Review Summary: To the instrumentally impaired: this is something you will warm up to fast.
London, Ontario, Canada. Besides Canada and possibly Ontario, how many of you are scratching your heads as to where on earth London sits within the country" London is home to a thriving bed of musicians that span a vast amount of musical genres and yet, seem to not garner the attention they deserve. It’s hard to sit here and not be a little frustrated when artists/ guitar wizards such as Greigg Fraser get overlooked while others steal the limelight, but I feel that other people in fairly medium sized cities around Canada are feeling the same about their local talent too. Not to play the biased card because he’s from my hometown, but it can’t be stressed enough how excited someone must feel when they hear musicians with this much talent from their area of birth. Greigg Fraser’s sophomore independent release Tech Noir
is entirely instrumental that rocks hard on the blues and synthy electronics as much as it does with Canadian progressive masters Rush.
The amount of area Fraser covers on this album is what many might find as a fault in terms of too much diversity. This petty argument should just be ignored for the reason that the songs are largely guitar driven with a bulky amount of synths and keyboards stretched across a strong programmed rhythm section; a consistency that plays throughout most of the album. The genre crossover should also be mentioned as well as the album dives head first into 70s psychedelic, 70s/ 80s Jeff Beck inspired guitar acrobatics and a 80s new-wave electronic sensibility that helps boost the guitar wizardry into actual songs. This is only a small generalization as each song will reveal itself to a plethora of subtle nuances within its nifty little riffs and leads.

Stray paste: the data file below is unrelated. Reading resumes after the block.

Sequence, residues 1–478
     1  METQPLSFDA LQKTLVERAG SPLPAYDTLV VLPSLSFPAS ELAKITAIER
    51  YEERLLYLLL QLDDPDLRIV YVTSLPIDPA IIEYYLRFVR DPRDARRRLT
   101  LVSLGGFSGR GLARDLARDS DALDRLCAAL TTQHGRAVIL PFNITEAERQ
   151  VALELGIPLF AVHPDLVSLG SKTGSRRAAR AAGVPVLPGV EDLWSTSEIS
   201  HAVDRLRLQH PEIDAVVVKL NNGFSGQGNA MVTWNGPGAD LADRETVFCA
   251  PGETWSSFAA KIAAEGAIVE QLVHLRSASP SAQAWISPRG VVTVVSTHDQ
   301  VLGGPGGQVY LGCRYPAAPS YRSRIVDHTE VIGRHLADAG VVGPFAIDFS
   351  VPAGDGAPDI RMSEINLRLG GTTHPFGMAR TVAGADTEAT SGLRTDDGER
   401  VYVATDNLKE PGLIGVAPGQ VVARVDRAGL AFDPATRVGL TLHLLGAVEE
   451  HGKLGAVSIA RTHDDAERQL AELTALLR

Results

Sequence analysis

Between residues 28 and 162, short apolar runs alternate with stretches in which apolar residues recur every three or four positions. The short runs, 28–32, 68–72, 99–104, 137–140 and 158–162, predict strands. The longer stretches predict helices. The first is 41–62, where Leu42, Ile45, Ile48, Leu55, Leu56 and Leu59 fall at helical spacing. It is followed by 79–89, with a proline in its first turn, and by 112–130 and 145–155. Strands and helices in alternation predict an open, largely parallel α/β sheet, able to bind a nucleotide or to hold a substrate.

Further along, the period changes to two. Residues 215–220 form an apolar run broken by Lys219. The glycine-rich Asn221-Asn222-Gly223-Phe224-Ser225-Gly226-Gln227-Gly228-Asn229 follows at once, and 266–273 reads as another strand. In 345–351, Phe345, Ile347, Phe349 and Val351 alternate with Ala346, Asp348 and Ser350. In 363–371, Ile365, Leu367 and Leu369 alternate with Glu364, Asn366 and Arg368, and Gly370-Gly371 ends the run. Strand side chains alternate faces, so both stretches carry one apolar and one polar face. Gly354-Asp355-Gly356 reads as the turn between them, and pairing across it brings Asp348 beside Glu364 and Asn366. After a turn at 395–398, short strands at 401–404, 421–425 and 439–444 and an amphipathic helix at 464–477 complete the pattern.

Opener “Jump Gate” wastes no time getting down to business with a buzzing riff that is fuelled by plinkering electronics and a well thought-out series of screeching leads. What’s interesting about this track is the ominous mid-section where Fraser is allowed to tinker with his strings over some more commanding keyboard/ chord progressions. Despite the dominant upbeat feel of the intro riffs, it totally fits the direction of the song. “Superluminous” and “Bughunt” are the bigger anthems on here, pushing Fraser into some mind-scrambling progressive rock in vein with songs like “YYZ” by Rush where he lets go and explores a wide range of riff dynamics and beats that pack a punch. When Fraser wants to take it down a notch, he simply settles into some bluesy numbers courtesy of a few Steve Vai licks (“Stargazer” and “Voice of the Air”) and when the album calls for it, he tosses his hat towards the Pink Floyd camp (“Straylight” or the nimble figured acoustic ditty “Curved Ayre”). I think it would be stating the obvious at this point in time to restate how diverse Fraser really is.
However well this type of instrumental rock comes across to the audience, I think it’s worth pointing out how hard it is to do something truly original as an instrumental guitarist, but it’s even harder to create a collection of influences and tie it into your own sound. Greg Fraser shows on Tech Noir
that he has no trouble with this and comes up with a pretty stellar listen for anybody interested in the finer qualities of rock instrumentation. The fact also stands that since he is from a medium sized city such as London, Ontario and plays a rather unpopular style of rock, he will go relatively unnoticed. This is a shame really because he knows how to write killer tunes without all the guitar noodling fluff that’s usually associated with instrumental rock. Oh well, at least reviews like this can lend a helping hand in the exposure of local musicians and hopefully one day expose music like this to the masses and change the minds of people who like their rock as a dumb as Nickelback.